Figure 06: Accumulated Cyclone Energy through August 15 in the West Pacific basin, 1979-2020. Source: Everstream Analytics, IBTrACS 

The Indian Ocean 

Unlike the Pacific, which has had a quiet, early tropical season, the start of the season in the Indian Ocean has been active with above normal activity. Figure 7 depicts the ACE values in the Indian Ocean through August 15. This year has registered in the top 10 most active years and well over twice the normal. The bulk of the high ACE values came from 2 storms — Amphan in mid-May and Nisarga in early June. Impacts from Super Cyclone Amphan, which was one of the strongest cyclones to ever develop in the Indian Ocean, are outlined below.

Figure 07: Accumulated Cyclone Energy through August 15 in the Indian Ocean basin, 1979-2020. Source: Everstream Analytics, IBTrACS
Super Cyclone Amphan 
Super Cyclonic Storm Amphan, the equivalent of a Category 5 hurricane on the five-tier Saffir-Simpson hurricane wind scale, brought widespread damages to eastern India and southeastern Bangladesh in May 2020. The cyclone was reportedly the biggest cyclonic storm that developed over the Bay of Bengal in the last two decades after it reached a 3-minute sustained wind speed of 150 mph (240 km/h), and 1-minute sustained wind speed of 160 mph (260 km/h) on May 18. In anticipation of the landfall, authorities in West Bengal evacuated 200,000 people from low-lying areas, while officials in India evacuated around 1.2 million people from low-lying areas in 12 districts across Eastern Odisha. The storm made landfall in West Bengal on May 20, with sustained wind speeds of 100 mph (155 km/h), dissipating shortly after. In total, estimated damages amounted to over USD 13 billion (EUR 10.9 billion) in West Bengal alone.
As India and Bangladesh were still in the midst of struggling with the impacts of the COVID-19 pandemic, significant challenges and disruptions to manufacturing and logistics operations were anticipated due to the storm’s landfall. In particular in India, winds, and surges caused by Storm Amphan disrupted port and airport operations for a number of days. India’s fifth busiest airport nationwide which serves the Kolkata metropolitan area shut down its operations for 24 hours due to the storm. Likewise, ports in the path of the storm stopped the movement of incoming and outgoing container vessels for 24-36 hours to prevent damage, including the Port of Kolkata and the Port of Paradip.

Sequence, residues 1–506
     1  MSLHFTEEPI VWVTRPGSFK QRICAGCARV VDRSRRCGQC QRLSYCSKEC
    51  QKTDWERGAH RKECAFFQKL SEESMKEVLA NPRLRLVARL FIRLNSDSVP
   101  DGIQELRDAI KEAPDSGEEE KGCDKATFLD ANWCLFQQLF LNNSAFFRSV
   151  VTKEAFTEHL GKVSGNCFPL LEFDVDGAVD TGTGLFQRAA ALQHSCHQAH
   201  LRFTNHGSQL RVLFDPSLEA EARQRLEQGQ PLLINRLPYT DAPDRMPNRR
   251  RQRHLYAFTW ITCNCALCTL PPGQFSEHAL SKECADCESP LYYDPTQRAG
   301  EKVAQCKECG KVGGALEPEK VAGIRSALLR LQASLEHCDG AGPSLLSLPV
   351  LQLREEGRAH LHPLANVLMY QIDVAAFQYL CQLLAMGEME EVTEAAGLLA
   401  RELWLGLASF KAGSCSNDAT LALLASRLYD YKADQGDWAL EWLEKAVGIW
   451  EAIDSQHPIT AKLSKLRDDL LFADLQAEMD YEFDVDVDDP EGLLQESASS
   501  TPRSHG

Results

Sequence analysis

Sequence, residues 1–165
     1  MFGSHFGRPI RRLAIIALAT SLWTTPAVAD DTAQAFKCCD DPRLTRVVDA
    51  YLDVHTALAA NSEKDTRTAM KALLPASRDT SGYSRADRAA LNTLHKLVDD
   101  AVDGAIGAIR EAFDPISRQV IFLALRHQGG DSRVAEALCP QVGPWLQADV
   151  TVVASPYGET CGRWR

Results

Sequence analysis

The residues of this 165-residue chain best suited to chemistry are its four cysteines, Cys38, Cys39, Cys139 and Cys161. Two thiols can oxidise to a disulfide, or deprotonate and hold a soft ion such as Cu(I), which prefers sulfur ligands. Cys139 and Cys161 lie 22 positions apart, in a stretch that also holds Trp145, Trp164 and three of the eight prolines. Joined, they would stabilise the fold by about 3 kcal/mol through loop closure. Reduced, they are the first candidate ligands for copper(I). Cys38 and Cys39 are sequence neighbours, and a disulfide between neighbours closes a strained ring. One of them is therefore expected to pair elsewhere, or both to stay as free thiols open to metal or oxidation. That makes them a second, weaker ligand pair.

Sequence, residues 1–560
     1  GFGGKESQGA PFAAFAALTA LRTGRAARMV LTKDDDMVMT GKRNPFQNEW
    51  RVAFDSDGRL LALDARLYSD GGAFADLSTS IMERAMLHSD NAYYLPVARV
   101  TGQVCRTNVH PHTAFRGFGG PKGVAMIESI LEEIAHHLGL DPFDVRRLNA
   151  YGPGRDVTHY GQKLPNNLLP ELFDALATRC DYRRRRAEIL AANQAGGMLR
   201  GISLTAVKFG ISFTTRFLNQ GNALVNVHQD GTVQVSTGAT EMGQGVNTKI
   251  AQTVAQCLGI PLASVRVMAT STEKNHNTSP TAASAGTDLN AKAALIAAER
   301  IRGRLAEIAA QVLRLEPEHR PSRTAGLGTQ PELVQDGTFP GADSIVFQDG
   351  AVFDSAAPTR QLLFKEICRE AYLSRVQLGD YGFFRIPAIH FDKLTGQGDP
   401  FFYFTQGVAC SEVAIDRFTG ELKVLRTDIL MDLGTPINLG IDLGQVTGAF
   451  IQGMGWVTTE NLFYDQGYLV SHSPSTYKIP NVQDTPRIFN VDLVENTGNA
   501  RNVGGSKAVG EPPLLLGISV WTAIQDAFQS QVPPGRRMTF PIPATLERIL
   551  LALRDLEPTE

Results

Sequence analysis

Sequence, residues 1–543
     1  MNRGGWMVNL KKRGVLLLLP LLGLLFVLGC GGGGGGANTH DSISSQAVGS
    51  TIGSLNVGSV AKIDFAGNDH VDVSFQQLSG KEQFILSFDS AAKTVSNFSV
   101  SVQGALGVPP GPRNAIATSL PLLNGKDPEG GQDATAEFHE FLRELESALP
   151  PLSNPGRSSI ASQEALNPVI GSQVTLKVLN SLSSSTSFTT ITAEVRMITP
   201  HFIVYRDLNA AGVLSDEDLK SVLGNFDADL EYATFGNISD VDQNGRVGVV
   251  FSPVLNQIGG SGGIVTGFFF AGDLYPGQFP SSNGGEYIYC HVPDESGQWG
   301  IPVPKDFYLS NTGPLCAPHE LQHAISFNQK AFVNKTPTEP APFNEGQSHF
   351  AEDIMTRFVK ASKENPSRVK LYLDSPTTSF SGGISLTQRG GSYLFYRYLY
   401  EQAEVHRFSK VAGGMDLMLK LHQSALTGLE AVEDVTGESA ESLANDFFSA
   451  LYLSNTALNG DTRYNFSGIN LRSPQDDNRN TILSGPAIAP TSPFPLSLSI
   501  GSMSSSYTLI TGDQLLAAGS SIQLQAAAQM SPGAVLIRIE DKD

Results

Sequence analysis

In Bangladesh, port authorities at the Port of Chattogram (Chittagong) — Bangladesh’s key port that handles nearly 80 percent of the country’s total export-import activities — issued severe cyclone warnings and sent vessels anchored at the ports to outer anchorage for safe harbor. The port suspended all landside cargo activities for 36 hours, while port handling equipment was moved to safer places.
The super cyclone came at a time when the ports in India and Bangladesh were already facing congestion for several weeks due to COVID-19 related restrictions. This posed additional challenges to ocean freight dependent international supply chains in and out of the affected regions amid an economic restart following the easing of COVID-19 related lockdown measures.
On the manufacturing side, Storm Amphan impacted production activities in the Greater Kolkata area, causing power outages, flooding, and damages to plant infrastructure. Operations at businesses reliant on water supply were disrupted, such as Indian Oil Corporation refineries and 100 other industrial units with heavy machinery dependent on water for smooth running. Furthermore, flooded roads and closed ports in the cyclone-affected areas caused logistic difficulties, specifically for businesses such as Tata Steel’s plant in Jamshedpur, which usually relies on the port of Paradip for export activities.

All in all, the tropical season has started out as expected. The Atlantic and Indian Ocean have had a robust start while the Pacific (both eastern and western basins) has had an inactive or quiet start. What this tells us about the remainder of the season will be examined next. 

Active Start, Active Finish?